A Letter to Neil Gaiman

Dear Neil:

I hope you don’t mind me addressing you on a first name basis, Neil.

Your commencement speech to the  2013 School of Visual Arts graduation ceremony is entertaining with so much wisdom and advice not just on art but life in general. The graduates were laughing  so was I. Thank you for sharing your thoughts.

You may call me, Perpetua.

There is part in the speech that I find fascinating, compelling and disturbing. Allow me to quote you:

“When things get tough, this is what you should do: Make good art. I’m serious. Husband runs off with a politician — make good art. Leg crushed and then eaten by a mutated boa constrictor — make good art. IRS on your trail — make good art. Cat exploded — make good art. Someone on the Internet thinks what you’re doing is stupid or evil or it’s all been done before — make good art. Probably things will work out somehow, eventually time will take the sting away, and that doesn’t even matter. Do what only you can do best: Make good art. Make it on the bad days, make it on the good days, too. “

 You may call me, Perpetua.

Before I continue, please pardon me for intruding. As an esteemed artist, I think highly of you.

You see, Neil, I am thinking of the cat that exploded. Translating that in my mind it goes: Dead Cat – make good art. Death – make good art, Anxiety Recording – make good art, Suicide – make good art.

I am in a very tough situation. There is a funeral going on in my brain. My nephew’s friend committed suicide. This bothers me. A lot. They grew up together, studied at the same school and graduated. My nephew just turned 25. She must be the same age. Young. Too young to die. This is so close to home.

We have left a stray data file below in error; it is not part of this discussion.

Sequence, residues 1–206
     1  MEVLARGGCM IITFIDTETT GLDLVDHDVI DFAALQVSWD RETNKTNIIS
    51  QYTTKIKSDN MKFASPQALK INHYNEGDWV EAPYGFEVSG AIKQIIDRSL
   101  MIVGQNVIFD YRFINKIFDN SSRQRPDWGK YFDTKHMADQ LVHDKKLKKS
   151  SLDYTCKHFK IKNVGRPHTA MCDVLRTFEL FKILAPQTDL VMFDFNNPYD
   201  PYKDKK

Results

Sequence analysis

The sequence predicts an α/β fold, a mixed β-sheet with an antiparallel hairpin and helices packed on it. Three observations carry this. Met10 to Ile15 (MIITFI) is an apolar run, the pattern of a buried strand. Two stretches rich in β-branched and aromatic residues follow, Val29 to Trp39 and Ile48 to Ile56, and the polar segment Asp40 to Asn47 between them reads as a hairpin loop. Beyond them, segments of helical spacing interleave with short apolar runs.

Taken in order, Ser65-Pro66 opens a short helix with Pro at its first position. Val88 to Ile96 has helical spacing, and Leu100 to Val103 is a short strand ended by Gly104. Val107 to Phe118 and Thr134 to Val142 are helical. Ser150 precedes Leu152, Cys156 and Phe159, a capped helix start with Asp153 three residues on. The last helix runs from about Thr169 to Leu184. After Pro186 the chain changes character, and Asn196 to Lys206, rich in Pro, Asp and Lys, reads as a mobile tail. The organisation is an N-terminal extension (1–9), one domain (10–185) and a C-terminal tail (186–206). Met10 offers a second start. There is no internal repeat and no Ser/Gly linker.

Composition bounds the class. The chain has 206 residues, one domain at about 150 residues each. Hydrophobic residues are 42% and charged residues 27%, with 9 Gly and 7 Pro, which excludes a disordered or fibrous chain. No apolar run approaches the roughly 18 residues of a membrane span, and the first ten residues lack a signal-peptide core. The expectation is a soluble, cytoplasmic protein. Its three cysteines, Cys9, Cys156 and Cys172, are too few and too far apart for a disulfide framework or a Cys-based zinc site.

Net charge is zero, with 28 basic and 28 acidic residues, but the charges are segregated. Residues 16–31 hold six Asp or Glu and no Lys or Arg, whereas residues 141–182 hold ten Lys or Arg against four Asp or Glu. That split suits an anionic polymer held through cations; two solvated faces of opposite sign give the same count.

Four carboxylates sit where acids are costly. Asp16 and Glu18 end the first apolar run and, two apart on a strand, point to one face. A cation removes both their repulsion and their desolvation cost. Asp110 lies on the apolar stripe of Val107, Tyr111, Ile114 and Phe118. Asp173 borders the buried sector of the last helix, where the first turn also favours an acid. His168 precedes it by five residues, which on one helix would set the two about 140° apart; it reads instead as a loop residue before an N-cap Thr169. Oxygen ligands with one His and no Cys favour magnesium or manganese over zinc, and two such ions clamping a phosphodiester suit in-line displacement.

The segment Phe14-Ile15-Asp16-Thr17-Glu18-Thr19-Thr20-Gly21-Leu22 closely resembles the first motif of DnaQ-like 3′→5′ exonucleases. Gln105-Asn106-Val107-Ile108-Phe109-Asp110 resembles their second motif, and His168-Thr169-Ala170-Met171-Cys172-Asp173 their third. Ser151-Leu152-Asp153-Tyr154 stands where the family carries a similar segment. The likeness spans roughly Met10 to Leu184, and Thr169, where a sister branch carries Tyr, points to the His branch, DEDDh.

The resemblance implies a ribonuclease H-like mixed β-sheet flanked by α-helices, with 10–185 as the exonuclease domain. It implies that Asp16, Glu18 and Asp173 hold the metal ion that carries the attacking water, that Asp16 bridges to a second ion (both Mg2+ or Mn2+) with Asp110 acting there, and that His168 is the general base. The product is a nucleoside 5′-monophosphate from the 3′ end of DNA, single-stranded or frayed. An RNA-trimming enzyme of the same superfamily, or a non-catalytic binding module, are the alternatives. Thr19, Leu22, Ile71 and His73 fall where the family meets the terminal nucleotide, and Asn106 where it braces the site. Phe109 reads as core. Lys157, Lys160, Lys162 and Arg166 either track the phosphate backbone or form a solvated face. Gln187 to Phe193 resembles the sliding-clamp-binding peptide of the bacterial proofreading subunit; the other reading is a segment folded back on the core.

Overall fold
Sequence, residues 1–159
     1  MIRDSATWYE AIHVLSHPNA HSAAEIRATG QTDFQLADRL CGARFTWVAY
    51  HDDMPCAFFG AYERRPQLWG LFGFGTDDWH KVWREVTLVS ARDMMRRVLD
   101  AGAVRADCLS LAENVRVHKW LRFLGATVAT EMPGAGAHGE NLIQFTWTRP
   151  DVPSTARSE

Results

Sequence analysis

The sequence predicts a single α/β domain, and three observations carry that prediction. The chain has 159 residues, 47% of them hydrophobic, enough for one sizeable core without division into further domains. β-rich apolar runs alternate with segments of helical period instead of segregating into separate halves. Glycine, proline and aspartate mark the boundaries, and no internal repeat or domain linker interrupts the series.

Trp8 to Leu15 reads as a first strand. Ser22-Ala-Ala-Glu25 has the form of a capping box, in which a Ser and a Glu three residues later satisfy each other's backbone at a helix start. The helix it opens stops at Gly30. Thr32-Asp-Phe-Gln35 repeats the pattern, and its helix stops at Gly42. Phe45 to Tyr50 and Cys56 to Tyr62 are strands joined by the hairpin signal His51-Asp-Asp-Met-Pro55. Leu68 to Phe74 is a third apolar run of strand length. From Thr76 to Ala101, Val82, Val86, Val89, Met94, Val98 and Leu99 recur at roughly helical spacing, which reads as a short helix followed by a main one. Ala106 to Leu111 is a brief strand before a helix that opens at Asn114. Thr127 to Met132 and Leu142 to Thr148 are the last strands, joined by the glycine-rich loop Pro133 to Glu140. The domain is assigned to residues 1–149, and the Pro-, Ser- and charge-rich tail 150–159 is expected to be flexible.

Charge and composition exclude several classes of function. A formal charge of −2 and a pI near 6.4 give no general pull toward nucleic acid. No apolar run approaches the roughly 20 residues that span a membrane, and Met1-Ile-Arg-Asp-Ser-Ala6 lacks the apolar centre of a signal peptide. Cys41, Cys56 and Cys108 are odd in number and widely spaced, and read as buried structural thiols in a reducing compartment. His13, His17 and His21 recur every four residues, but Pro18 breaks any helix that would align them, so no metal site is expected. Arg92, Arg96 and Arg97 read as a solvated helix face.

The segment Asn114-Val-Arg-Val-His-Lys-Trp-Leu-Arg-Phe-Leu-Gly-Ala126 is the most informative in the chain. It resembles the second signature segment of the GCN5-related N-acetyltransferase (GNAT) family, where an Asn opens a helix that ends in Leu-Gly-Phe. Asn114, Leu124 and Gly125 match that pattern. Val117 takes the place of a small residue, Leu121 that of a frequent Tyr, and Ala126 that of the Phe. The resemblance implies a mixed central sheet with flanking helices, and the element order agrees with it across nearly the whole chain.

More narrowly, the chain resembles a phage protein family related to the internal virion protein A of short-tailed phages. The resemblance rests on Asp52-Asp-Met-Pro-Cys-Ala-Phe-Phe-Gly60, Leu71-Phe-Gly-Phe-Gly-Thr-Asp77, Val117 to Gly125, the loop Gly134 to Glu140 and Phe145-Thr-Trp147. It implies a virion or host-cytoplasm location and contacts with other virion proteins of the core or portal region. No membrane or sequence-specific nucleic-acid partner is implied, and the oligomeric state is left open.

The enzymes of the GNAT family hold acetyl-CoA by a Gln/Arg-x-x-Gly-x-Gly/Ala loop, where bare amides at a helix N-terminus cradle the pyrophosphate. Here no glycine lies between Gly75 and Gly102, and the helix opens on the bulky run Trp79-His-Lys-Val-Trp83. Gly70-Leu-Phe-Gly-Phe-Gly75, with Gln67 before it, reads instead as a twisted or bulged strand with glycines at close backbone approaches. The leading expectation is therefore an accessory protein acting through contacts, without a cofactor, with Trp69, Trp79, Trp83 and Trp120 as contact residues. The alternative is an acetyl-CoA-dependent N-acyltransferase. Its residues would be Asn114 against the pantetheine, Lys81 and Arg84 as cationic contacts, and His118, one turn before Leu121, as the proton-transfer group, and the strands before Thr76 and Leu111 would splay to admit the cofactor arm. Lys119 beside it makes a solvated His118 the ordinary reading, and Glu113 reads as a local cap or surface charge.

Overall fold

What I want is to make good art out of the recording from her heartfelt experience of illness on anxiety. I tried writing it in a poetic way, but, I don’t have an ounce of artistic mind. The purpose is to use this as a tool to educate people.

This is the transcript of her recording five months ago.

On My Anxiety

I am cut to the core by a beast I can’t control. Not cut as in my wrists, as in my legs because, you know, that beautiful woman next to me in the Psych ward does it there.

The beautiful woman in the coffee shop a 5-minute walk away, which is 5 minutes too long  of a walk when you’re depressed, ornaments her arms, her legs with deep and close bloody gashes. Gashes that I want to bandage with love and heal, but “I have too many problems, I think, I don’t know how to help you.”

Nonetheless, I am cut.

Cut by the words of people who don’t understand what it is to live with a demon inside your mind, your chest, your shaking hands, and your body that is wretched and dried out from all your tears and is so nervous that you have to pray you are always near a bathroom because even your insides don’t work properly.

But, of course, you don’t really pray. Not by this point at least. By now you know if there was a God you would be better, that none of this would have ever happened.

If you don’t see the stigma against mental illness then you probably don’t have it or you’ve never used the internet or stepped outside.

You’ve never had to write a heartfelt resignation letter to end a job only to be eliminated from the workplace silently without any acknowledgment of your soul-bearing words.

None.

You’ve never had your own family tell you to suck it up or not dwell on things so much.

Do you think I WANT to FUCKING DWELL on the things I dwell on?!

Dwell on the fact that I would rather have suffocated myself to death than have attended my Grandma’s 75th birthday because there were gonna be too many people there.

Dwell on the fact that I’ve had to stop seeing all my friend because I’m so anxious.

Dwell on the fact that I can’t see my in-laws without feeling nauseated by my anxiety.

I cannot SUCK IT UP!

Not just that, I can’t do anything except unexpectedly write poetry at 3 am and this has only happened  through a careful balance of Lithium, Clonazepam, Abilify, Olanzapine, and Zopiclone.

If those sound scary it’s  because they are.

It’s scary to have your brain need to be invaded. To experience the world drugged. To experience the world drugged and still want to throw up at the thought of having to attend a social function.